Kamala Harris Overshadows Joe Biden’s First Jobs Day
(Bloomberg Opinion) -- It took all of 15 seconds for Vice President Kamala Harris to render mostly irrelevant a data release that has long been considered one of the most important in the world.
The latest read on the U.S. labor market was disappointing, with nonfarm payrolls increasing by just 49,000 in January, falling short of the median estimate of a 105,000 gain in a Bloomberg survey of economists. The revised figure for December was even worse, with the Labor Department now saying that the world’s largest economy lost 227,000 jobs, compared with a decline of 140,000 previously. On its face, the unemployment rate looks a lot better, at 6.3% from 6.7% previously, but that’s in part because the labor force participation rate is sliding lower again.
Treasuries reacted about as expected in the immediate aftermath, with benchmark 10-year yields falling from a high of 1.17% to 1.15% within 10 minutes of the report’s release. Yet they soon bounced back and breached 1.1855%, the top-tick from last month that was the highest level since March. Long bonds came within two basis points of 2%.
Why so upbeat? Well, heading into the week, it looked as if this jobs report would set the tone for fiscal stimulus talks in Washington. President Joe Biden had proposed a $1.9 trillion Covid-19 relief package, while 10 Republican senators had countered with a $600 billion plan. Biden has said from the start he hoped to reach a bipartisan agreement. In this context, it certainly seemed as if the state of the U.S. labor market could swing momentum in one direction or the other. Just about 24 hours ago, my colleague Peter Coy of Bloomberg Businessweek wrote an article titled “A Strong Jobs Report Friday Could Doom Biden’s $1.9 Trillion Stimulus,” capturing this dynamic.
Harris quashed that line of thinking early Friday on the Senate floor after an all-night vote-a-thon. “The yays are 50, the nays are 50, the Senate being equally divided, the vice president votes in the affirmative, and the concurrent resolution as amended is adopted,” she declared. The 51-50 vote sets into motion a series of events that will effectively allow Democrats to craft a stimulus bill in the next few weeks that can pass without any Republican votes under special budget rules.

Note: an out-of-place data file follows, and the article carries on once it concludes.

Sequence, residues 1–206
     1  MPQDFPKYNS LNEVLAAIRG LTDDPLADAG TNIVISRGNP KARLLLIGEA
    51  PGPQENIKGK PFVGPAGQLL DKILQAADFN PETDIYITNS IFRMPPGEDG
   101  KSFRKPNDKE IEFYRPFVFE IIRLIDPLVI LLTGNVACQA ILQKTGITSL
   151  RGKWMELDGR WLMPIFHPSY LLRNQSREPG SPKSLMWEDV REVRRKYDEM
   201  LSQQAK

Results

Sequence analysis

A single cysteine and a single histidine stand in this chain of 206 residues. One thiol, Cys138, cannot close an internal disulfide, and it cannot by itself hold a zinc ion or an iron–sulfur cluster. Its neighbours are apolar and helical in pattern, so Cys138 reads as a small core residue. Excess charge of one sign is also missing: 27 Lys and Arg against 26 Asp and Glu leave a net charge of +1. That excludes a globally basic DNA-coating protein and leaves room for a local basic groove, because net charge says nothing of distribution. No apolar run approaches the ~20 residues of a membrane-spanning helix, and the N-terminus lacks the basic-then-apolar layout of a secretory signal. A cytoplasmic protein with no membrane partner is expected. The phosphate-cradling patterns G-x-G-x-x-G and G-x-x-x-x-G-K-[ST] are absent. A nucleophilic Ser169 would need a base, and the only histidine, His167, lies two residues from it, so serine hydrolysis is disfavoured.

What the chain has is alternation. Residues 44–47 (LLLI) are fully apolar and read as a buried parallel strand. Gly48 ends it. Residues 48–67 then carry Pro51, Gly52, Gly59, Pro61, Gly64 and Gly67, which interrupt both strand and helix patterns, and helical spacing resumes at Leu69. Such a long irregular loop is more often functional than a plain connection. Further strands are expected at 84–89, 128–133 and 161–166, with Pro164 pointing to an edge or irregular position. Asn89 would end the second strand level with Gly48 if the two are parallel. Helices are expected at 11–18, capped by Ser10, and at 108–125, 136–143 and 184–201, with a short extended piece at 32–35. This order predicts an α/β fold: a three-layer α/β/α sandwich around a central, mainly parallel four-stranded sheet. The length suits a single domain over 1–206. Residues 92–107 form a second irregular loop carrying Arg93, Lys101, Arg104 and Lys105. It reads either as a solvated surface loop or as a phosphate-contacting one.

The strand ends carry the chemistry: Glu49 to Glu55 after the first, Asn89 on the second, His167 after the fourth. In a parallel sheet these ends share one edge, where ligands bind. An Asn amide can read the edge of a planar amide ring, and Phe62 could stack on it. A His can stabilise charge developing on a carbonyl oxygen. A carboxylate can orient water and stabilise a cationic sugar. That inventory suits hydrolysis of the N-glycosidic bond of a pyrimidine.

The vote effectively dismantled the “good news is bad news” line of thinking that sometimes dominates the narrative leading into these jobs reports. Estimates from economists ranged from a 250,000 monthly decline in nonfarm payrolls to a 400,000 increase. But even if it had come in at the top end, few expected it would do much to alter the path forward on fiscal stimulus. “We can say with a straight face that if headline payrolls come in [greater than 1 million], the political calculus would quickly change in a way that lengthens the path to a deal,” Ian Lyngen, head of U.S. rates strategy at BMO Capital Markets, wrote ahead of the report. “Alas, such a gain isn’t on the table; hence the apprehension regarding any call for NFP to derail stimulus.”
Indeed, some of the details from the report, the first since Biden’s inauguration last month, underscore the hardship job seekers still face during the pandemic. “Among those not in the labor force in January, 4.7 million persons were prevented from looking for work due to the pandemic; this measure is little changed from December,” according to a note from the Labor Department. Of those who are unemployed, almost 40% have been without a job for 27 or more weeks, the highest in about nine years. The number of job losses considered “permanent” increased in January by the most since September. It’s also worth noting that the government accounted for almost all the gains in the past month — private payrolls increased by only 6,000 in January.
The U.S. economy, in short, seems very much mired in a “K-shaped” recovery. That’s exactly what fiscal stimulus can help remedy. As I noted recently, from March 31 through Sept. 30, after Congress passed the first fiscal aid bill, the overall wealth of Americans in the bottom half increased by more than 20%, the largest two-quarter boost since late 2013, even though many are among those disproportionately affected by the pandemic. The measures included in the latest stimulus bill would keep up that effort.
So, no, the U.S. economy isn’t running hot on its own just yet. The push for more effective vaccine distribution still needs to be the priority to get more Americans to work. But in one fell swoop, Harris removed the worst-case scenario — a weaker-than-expected labor market and less-than-expected fiscal stimulus — from the equation even before the jobs report was posted. That sets the stage for a recovery that, at the very least, looks a lot like the past several months. That, in turn, could mean Treasury yields continue their slow grind higher.
This column does not necessarily reflect the opinion of the editorial board or Bloomberg LP and its owners.
Brian Chappatta is a Bloomberg Opinion columnist covering debt markets. He previously covered bonds for Bloomberg News. He is also a CFA charterholder.
©2021 Bloomberg L.P.